Lexus IS300 review: The rival to the BMW 3 Series and Mercedes-Benz C-Class

By Daryl Lee 17 March, 2021

The Lexus IS compact executive is ‘just’ a facelift, but it gets a slew of updates aimed at improving refinement and dynamics

It would perhaps be slightly unfair to call the new Lexus IS a facelift of an existing model. It technically is a mid-life update, in that its basic mechanical underpinnings are carried over, as is the 2-litre turbocharged four-cylinder/eight-speed automatic gearbox combo in IS300 form.

At the very least, it looks different from its predecessor, with an extra-oversized grille and a full-width light bar at the rear, bringing it bang up to date with modern automotive design paradigms. 

It does also have a few bits that betray how it isn’t quite as new as Lexus would have you believe. The infotainment system’s graphics have been updated, and can be interfaced through the touch-sensitive display in addition to the usual trackpad, but the instrument cluster isn’t a fully-digital affair.

Laid out in a three-pod design, the gauges feature digital faces but the needles are still analogue affairs. It’s modern enough, but the fact it’s not an all-screen instrument cluster already makes it feel a little less advanced than its peers.

So, it’s not exactly all-new, but that being said, the amount of work Lexus says it put into its re-engineering makes it more than just a mere facelift. Its chassis has been reinforced with more welding points, a reworked C-pillar to roof structure and its transmission software has been tweaked.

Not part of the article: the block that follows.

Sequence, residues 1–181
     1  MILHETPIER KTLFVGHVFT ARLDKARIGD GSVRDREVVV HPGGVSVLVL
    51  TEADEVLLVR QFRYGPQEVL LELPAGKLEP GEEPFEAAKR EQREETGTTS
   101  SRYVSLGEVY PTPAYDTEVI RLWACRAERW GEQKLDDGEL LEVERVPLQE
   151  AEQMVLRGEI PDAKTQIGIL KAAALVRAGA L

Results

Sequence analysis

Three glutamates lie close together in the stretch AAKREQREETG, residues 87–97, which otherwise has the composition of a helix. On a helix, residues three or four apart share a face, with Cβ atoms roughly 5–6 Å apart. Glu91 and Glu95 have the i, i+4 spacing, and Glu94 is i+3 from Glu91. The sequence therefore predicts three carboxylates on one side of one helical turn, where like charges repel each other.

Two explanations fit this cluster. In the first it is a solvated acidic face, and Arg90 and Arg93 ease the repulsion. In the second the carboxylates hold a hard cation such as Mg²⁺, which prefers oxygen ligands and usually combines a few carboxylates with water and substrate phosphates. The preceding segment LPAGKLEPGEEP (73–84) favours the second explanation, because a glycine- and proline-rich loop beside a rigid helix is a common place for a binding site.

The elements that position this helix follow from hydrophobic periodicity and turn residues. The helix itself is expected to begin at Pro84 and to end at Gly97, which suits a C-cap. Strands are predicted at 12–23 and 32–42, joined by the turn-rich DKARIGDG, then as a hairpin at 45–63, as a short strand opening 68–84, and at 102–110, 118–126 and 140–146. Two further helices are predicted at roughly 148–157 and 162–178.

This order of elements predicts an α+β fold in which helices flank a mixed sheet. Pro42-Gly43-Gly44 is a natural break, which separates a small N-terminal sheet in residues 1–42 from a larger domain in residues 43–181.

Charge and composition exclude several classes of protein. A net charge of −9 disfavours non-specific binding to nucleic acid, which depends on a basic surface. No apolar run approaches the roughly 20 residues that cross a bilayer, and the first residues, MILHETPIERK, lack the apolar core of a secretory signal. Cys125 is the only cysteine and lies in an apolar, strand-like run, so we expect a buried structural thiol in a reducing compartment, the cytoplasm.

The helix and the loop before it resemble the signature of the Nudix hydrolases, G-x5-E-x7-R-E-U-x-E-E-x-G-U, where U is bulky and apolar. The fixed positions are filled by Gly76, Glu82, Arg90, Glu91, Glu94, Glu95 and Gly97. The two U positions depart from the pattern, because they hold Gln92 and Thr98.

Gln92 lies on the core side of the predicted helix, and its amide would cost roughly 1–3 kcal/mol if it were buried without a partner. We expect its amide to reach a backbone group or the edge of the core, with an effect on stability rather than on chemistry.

All with the aim of improving comfort and of course, handling. On that note, the new IS has been extensively tested on its new Shimoyama proving grounds, which includes a 5.3km-long test track inspired by the Nurburgring race track. 

The short answer to all that is, yes. The new IS handles like a champ. The chassis is unyieldingly stiff, with no discernible flex even when being flicked around, all with no detriment to Lexus’ famed ride quality.

To be sure, the ride errs on the side of pillowy, which means a fair bit of pitch when driven hard, but not a big deal if you’re not going for racer heroics at every turn. The steering is accurate as well, and as far as I can tell, it’s an improvement over its predecessor, displaying more accuracy than before. 

The only hitch is, like the throttle pedal, is lazily geared and requires plenty of motion to elicit any sort of response. Which seems a little at odds with its engine, which develops 241hp/350Nm and is certainly keen enough when called upon.

In short, it’s the same old Lexus IS (that can count the BMW 3 Series and Mercedes-Benz C-Class among its rivals) you know and love… for better or worse. 

At once its biggest strength and weakness, the new Lexus IS feels a bit too much like the old one. It’s not necessarily a bad thing, if your thing is wafting gently about during your commutes.

It’s not as aggressively ‘young’ as Lexus’ other newer offerings (the NX and UX come to mind), but it clearly is a product for an older buyer. You know, the kind who bought its predecessor a few years back and is just itching for a chance to get his/her hands on the new model.